Pfizer and Moderna are getting used to readjusting their projected COVID-19 vaccine sales. Now another recalibration may be in order.
The FDA is set to authorize a third dose of their COVID-19 shots for those with weakened immune systems, NBC News reports.
The agency's decision for immunocompromised people, who do not mount an effective response to the currently authorized two-dose regimens from Pfizer and Moderna, could be a precursor to approvals for the elderly and then for other segments of the population to receive a third dose. For these individuals, the reason to vaccinate again would be because the protection they received from the first two doses may wane over time.
On ABC on Thursday morning, NIAID chief Anthony Fauci said that the coming green light would “encompass a relatively small proportion of the population, around 3 percent or so,” and would include cancer and transplant patients.
“At this particular point, apart from the immunocompromised, we don’t feel the need to give boosters right now,” Fauci said.
Israel, however, began administering booster shots to fully vaccinated elderly people two weeks ago and will expand eligibility to those 50-and-older next week. France, Germany and the U.K. will roll out boosters in September, starting with the elderly and most vulnerable. The countries are ignoring a plea from the World Health Organization for a moratorium on boosters to increase supplies to needy countries.
A CDC advisory panel is scheduled to review booster data on Friday. As a general guideline, Fauci said that booster recipients should use the same brand shot, adding that the guidance would be provided when the shots are approved.
In reporting third quarter earnings, Pfizer said it expected its COVID-19 vaccine sales to reach $33.5 billion this year, an increase of $7.5 billion from its projection after the first quarter.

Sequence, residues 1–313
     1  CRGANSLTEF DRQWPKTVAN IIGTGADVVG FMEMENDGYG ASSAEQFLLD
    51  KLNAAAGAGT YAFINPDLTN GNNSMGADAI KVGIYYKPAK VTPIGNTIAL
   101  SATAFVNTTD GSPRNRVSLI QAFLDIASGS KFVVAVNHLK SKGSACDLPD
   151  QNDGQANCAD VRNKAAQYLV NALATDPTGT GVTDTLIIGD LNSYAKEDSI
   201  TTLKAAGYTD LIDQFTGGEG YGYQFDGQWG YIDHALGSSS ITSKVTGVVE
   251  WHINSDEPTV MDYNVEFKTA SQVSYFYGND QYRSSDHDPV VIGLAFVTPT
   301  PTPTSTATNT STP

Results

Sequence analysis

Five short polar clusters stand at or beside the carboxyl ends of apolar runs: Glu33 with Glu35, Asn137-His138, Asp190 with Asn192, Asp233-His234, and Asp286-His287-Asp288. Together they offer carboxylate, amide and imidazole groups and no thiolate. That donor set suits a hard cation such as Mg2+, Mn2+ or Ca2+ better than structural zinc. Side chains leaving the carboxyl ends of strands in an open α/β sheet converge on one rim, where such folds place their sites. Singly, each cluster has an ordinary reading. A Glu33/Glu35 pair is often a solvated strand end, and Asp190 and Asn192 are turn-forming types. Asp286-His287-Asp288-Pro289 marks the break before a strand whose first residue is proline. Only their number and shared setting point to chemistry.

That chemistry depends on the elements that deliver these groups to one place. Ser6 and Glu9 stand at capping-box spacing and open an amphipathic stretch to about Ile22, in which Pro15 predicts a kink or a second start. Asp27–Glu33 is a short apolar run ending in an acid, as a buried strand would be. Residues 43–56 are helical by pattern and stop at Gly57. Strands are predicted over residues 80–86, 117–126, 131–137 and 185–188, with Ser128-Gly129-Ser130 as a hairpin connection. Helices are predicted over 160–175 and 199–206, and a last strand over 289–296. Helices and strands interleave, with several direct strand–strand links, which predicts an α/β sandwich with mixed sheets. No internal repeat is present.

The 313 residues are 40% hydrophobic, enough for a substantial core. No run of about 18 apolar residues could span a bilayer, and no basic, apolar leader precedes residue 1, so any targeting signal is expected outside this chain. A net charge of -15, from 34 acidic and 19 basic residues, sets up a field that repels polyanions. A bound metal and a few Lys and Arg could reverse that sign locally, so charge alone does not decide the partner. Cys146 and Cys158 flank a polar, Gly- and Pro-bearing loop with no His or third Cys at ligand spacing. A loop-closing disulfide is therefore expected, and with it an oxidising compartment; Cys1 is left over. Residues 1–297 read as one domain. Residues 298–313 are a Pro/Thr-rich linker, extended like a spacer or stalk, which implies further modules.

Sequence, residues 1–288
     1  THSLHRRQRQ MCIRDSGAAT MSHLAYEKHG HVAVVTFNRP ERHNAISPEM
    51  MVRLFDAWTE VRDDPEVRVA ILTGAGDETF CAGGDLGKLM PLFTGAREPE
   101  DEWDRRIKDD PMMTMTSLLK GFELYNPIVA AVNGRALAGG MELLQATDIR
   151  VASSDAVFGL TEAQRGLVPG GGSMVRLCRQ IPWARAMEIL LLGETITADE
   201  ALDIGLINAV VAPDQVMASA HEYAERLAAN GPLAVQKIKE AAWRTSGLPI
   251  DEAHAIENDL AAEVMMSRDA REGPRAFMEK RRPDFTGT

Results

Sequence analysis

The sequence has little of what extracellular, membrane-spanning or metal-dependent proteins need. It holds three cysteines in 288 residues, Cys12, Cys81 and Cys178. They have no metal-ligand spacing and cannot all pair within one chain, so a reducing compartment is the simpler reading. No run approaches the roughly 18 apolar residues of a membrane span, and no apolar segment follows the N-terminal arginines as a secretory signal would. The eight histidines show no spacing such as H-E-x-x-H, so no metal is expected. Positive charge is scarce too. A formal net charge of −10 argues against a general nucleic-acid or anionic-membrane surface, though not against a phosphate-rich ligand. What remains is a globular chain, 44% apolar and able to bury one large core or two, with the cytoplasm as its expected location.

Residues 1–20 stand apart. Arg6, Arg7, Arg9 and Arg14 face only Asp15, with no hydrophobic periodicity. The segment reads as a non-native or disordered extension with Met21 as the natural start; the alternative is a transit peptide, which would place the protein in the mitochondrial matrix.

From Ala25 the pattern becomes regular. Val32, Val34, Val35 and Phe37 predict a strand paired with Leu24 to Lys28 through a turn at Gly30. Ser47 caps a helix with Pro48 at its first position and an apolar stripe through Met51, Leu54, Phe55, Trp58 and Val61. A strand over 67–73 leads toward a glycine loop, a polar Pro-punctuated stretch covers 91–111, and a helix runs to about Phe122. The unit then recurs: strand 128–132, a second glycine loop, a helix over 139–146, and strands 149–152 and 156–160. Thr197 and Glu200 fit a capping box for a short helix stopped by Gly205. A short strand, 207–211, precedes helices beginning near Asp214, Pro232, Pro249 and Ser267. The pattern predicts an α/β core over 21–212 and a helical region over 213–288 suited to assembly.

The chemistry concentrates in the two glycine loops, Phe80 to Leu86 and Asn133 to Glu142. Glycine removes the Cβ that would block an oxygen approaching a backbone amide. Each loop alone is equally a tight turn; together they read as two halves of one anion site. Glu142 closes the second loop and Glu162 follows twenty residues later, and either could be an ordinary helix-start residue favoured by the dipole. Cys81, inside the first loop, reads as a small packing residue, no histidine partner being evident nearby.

Afterward, RBC Capital analyst Daniel Busby told investors the estimate was conservative.
“We expect that guidance to continue to move higher as additional contracts are signed,” Busby wrote. “But the bigger source of value is what comes after 2021.”
Busby sees booster doses as a key “swing factor” to the longer-term outlook, with much depending on the frequency of shots and the proportion of people likely to receive them.
In early July, Bernstein analyst Ronny Gal ventured a projection of $22 billion in vaccine revenue for Pfizer in 2022.
Moderna has predicted its vaccine sales will reach $19 billion this year.
In analyzing the company for investors earlier this week, Jefferies said to expect the CDC to recommend approval of boosters for the elderly on Friday and that by the winter, Moderna will be supplying boosters to the rest of the population.
“Boosters are coming,” Jefferies wrote. “Data shows it’s needed.”
Nonetheless, data from six months post vaccination show that vaccine recipients remain highly protected against COVID-19. Companies have focused on results showing that neutralizing antibodies needed for protection wane over time, particularly in the face of variants like delta.
Yet, U.S. public experts have noted that such a decrease in these antibodies is expected and not in and of itself a trigger to administer a third, booster shot. They point to watching for unexpected infection rate increases alongside hospitalization numbers to decide on administering a third shot to fully vaccinated individuals, but they also do not rule out that possibility.